To its credit NAT, has produced a very useful report into Home Testing in 2008 which is still very much up-to-date.
The Terence Higgins Trust only issued a sibylline statement from its departing Chair Nick Partridge to say that “So long as the right safeguards are in place, there is now no reason […] why people who would prefer to test at home should be denied that chance.”
But there was no real need to add to the waxing lyrical statement of a THT Senior Executive published a few days before the official announcement.
The tail wagging the dog
When asked on Twitter to provide evidence supporting the repeated statement that if home self-testing was available more people would get tested, more HIV infections would be detected and more infections would be prevented, Professor Kevin Fenton (Director of Health and Wellbeing at Public Health England, PHE), referenced “THT research” in this area.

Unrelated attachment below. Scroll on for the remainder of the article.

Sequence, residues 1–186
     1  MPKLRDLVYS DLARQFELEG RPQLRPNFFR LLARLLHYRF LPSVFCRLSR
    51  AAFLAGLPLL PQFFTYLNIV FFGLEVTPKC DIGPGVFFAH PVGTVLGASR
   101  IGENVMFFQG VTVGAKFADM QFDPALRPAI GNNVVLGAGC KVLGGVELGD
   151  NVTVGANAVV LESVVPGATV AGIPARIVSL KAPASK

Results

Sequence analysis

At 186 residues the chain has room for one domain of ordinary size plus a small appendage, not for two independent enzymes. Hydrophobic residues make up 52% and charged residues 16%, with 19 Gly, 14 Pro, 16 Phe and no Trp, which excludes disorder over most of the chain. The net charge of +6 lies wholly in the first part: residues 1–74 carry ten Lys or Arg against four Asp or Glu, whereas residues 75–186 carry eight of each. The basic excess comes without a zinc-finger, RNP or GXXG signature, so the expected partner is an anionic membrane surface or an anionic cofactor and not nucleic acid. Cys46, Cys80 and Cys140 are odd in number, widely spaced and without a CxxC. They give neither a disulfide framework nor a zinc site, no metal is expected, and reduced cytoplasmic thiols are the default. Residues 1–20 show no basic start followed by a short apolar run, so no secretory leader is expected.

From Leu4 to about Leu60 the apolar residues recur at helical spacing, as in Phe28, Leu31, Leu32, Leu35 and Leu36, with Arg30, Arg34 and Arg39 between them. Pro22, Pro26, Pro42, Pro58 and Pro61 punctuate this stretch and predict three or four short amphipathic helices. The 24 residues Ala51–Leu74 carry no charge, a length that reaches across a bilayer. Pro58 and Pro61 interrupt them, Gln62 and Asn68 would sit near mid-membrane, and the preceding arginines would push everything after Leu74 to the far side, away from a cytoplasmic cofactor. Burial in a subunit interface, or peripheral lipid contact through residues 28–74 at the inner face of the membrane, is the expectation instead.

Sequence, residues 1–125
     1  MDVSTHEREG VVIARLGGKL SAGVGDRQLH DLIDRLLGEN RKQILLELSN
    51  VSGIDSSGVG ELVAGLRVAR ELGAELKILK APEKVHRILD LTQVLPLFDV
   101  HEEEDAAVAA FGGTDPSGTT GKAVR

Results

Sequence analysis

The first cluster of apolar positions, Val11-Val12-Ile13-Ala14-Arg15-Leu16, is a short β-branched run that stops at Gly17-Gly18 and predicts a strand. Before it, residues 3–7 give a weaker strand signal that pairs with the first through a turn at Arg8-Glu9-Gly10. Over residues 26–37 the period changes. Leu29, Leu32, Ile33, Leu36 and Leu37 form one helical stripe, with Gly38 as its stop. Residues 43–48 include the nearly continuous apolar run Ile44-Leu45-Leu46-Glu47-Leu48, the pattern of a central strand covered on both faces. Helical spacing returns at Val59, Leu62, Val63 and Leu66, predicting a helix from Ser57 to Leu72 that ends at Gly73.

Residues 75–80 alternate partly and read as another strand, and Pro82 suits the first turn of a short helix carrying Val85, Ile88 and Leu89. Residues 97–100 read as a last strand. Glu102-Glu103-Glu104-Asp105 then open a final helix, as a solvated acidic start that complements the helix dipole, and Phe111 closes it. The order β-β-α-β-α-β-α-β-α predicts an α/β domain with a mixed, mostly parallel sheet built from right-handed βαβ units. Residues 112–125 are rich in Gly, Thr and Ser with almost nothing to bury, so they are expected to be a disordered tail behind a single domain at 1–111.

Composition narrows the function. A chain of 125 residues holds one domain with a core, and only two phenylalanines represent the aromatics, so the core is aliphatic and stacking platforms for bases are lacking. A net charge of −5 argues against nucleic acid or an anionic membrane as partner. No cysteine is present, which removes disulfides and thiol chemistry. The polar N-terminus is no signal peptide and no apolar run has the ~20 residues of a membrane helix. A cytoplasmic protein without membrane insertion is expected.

First, I would like to very warmly thank Prof Fenton to engage on Social Media. The same cannot be said of a number of those who have been challenged on this matter and have remained silent. Maybe they forgot that Social Media, which they are prompt to promote as the answer to all our problems, are a two-way communication system.
Second, it is rather surprising to see (very) grey literature being referenced as the basis for such an important change whilst scientifically collected evidence is available on the subject (see here and here and here and here). But let’s look at the evidence quoted to support the decision to change the law (hopefully only in part, Prof Fenton also referenced Lord Fowler’s Report) .
“In 2010, Terrence Higgins Trust surveyed 657 people via newsletters, social media, and other online media. Of the 490 respondents that had not tested HIV-positive, 63% said they would consider using HIV self-testing kits if they were legalised and 51% thought legalisation would make them test more often. Among gay men, one of the groups most at risk of HIV in the UK, 60% thought legalisation would make them test more often.”